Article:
Thank you for being a Girl Scout volunteer. Have no doubt: you, and nearly one million other volunteers like you, are helping Girl Scouts make a lasting impact in their own lives and on the world.
Here you’ll find the tools and resources you’ll need to have an amazing Girl Scout experience while you and your Girl Scouts build courage, confidence, and character and make the world a better place.
Girl Scouts is girls-led! Working with girls of all ages can be both challenging and rewarding. Here are resources to help you work with your girls.
In addition to the Volunteer Basics Training Series, all troop co-leaders take grade-level training. This training helps create the ideal girl/adult partnership to ensure girls grow and take charge as much as is appropriate for their age and development.
Grade Level Essentials
Take your experience to the next level with gsLearn, our online training forum. You'll find great training and support resources like the Successful Leader Learning Series, Girl Scouts in the Outdoors, Facilitating Virtual Troop Meetings, and more!
To access gsLearn: click MYGS/VTK, log in to My Account, and click gsLearn on the left side of the screen.
Use our gsLearn Guide for more information.
The Volunteer Toolkit is a digital resource that supports troop leaders and co-leaders, making the process of running a troop easier and more efficient. You can access the VTK through myGS.
Traditions give Girl Scouts a sense of history—and inspire them to be the best they can be.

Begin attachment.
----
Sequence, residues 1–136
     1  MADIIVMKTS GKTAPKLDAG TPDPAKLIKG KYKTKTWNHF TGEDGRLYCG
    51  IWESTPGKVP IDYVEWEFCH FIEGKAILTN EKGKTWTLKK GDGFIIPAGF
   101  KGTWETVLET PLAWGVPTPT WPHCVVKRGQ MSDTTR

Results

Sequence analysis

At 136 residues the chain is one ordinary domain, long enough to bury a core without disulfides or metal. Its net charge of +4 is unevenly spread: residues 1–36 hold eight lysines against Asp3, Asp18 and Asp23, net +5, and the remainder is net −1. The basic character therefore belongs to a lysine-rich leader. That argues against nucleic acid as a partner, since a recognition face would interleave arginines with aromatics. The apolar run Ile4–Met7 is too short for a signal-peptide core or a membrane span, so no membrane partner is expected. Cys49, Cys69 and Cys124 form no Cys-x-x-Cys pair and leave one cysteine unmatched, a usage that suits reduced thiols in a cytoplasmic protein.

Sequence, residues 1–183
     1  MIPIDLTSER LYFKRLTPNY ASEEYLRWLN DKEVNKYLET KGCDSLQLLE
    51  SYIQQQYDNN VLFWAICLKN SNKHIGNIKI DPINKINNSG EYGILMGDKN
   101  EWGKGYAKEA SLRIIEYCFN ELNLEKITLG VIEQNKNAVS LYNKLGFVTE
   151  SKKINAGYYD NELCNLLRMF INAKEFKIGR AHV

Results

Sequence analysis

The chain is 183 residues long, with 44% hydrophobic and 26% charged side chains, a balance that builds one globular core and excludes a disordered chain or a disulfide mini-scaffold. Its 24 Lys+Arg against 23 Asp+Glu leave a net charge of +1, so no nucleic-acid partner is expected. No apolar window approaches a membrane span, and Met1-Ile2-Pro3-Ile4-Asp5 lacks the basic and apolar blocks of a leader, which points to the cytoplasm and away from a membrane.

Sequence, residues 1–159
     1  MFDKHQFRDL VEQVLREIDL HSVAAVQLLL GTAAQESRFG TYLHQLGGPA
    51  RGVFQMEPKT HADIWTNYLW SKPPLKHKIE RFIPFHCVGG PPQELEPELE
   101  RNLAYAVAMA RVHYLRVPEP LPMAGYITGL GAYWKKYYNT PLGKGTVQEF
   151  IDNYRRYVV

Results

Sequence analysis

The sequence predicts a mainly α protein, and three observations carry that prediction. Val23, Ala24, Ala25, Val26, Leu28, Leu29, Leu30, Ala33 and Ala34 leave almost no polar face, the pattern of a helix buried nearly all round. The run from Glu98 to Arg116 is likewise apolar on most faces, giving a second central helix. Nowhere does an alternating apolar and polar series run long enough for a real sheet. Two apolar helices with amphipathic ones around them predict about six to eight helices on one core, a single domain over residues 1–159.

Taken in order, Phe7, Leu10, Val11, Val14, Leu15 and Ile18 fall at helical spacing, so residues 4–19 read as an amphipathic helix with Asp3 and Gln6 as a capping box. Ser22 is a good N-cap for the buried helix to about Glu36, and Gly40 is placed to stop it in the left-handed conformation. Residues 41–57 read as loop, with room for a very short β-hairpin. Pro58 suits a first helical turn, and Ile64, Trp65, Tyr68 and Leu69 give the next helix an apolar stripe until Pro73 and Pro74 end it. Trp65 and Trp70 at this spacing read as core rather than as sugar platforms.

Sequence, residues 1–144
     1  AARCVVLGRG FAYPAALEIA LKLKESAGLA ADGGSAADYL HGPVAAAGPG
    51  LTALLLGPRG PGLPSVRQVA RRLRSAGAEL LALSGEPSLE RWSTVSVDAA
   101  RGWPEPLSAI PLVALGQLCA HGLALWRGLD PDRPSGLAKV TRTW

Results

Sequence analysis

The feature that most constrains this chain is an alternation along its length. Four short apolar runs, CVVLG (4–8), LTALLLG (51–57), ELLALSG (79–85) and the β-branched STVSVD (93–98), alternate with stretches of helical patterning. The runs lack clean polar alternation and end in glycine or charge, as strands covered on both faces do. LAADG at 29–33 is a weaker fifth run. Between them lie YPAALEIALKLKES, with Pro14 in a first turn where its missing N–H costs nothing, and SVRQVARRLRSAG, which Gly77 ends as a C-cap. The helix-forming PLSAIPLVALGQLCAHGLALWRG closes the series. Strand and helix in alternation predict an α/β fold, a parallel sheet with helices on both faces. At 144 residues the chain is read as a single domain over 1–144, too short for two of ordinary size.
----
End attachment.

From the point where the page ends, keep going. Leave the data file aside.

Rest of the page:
Sharing traditions with millions of Girl Scouts—and the huge network of Girl Scout alumnae who came before them—helps remind girls they belong to a big, powerful, and inclusive sisterhood.
Ceremonies help Girl Scouts mark special events throughout the year, such as bridging to another level, earning a National Leadership Journey award, or getting a Girl Scout pin.
Ceremonies can commemorate accomplishments or add something special to the beginning or end of a group's meeting. Girls can plan a ceremony around a theme, such as friendship or nature, and express themselves in words or song. Whatever its purpose, every Girl Scout ceremony helps girls share in Girl Scout history and traditions—and create their own special memories.
Girl Scout Sign: Hold the right hand up at shoulder height with the middle three fingers pointed to the sky and the thumb pressed down over the pinky finger. Make the Girl Scout sign while saying the Girl Scout Promise and the Girl Scout Law, and using the Girl Scout handshake.
Girl Scout Handshake: Shake left hands and make the Girl Scout sign with the right hand.
Quiet sign: The signal to be silent in a group. The person in charge raises their right hand high into the sky. All girls and adults raise their right hands, stop talking, and stay quiet.
Girl Scout Motto: Be prepared
Girl Scout Slogan: Do a good turn daily
Quip: “Girl Scouts leave a place better than they found it.”
Quip: “Once a Girl Scout, always a Girl Scout!
The Buddy System: A safety practice to keep girls in pairs when they are outside of the troop meeting space. Trios are sometimes nicknamed a truddy, as in, “Girls, stay with your buddy, or stay with your truddy!
The friendship circle is often formed at the end of meetings or campfires as a closing ceremony. Everyone gathers in a circle where they cross their right arm over their left in front of them and hold hands with the people on either side.
Once everyone is silent, the leader starts the friendship squeeze which is gently passed from hand to hand. When the squeeze returns to the leader, she says ‘Goodnight Girl Scouts’ and the girls raise their arms over head and then turn the circle inside out.
Girls will often sing ‘Make New Friends’ before passing the hand squeeze.
Make New Friends
Make new friends, but keep the old.
One is silver, the other is gold.
A circle is round, it has no end.